Art installation uses sound as self-reflection

Most art galleries have a “look, don’t touch” policy, maintaining the barrier between exhibit and observer, but not the new installation at Le Laboratoire gallery in Cambridge. Designed by music composer Tod Machover and his team at the MIT Media Lab, the exhibit is called Vocal Vibrations. It uses audio design to create an interactive sonic experience, encouraging participants to use their voices as a meditative tool and form of self-reflection.

The exhibit includes three main sensory experiences: the chapel, the cocoon and the orb. The chapel is the first part of the gallery, which visitors pass through immediately upon entry. With plush rugs on the floor, cushions scattered about and several benches, the chapel aims to provide an inviting and comfortable environment for guests. Surrounding the entire area are ten speakers playing a looped recording of a 25-minute track designed by Machover and his team. The music includes vocalizations from artists of various styles such as folk, early renaissance and a soprano soloist.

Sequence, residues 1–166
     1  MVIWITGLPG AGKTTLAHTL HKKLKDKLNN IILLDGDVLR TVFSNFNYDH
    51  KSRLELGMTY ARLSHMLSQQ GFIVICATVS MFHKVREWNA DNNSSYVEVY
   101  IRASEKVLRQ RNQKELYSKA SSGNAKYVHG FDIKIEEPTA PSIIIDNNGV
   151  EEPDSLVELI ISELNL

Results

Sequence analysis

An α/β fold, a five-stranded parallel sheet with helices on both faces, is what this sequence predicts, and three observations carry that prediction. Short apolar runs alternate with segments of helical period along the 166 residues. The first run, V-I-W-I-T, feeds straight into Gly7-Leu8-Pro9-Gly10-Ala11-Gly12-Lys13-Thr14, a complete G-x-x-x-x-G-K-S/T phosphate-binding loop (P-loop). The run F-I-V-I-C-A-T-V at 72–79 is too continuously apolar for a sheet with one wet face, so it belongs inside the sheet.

“It’s meant for people to sit there and kind of lose themselves in the sonic experience, the musical experience, and maybe in thinking about themselves and their own voices in a slightly different way,” Machover said.

Also included in the chapel is a chaise lounge designed by MIT associate professor of Media Arts and Sciences Neri Oxman.

“The inspiration came from the experience where the human body encounters voice for the first time, which is in the womb,” Oxman said. “The idea was to design a chaise or a reclining chair to quiet the human mind, so it is a reclining chair with a head piece that’s designed as an echoic chamber that allows you to absorb sounds very efficiently.”

Related Content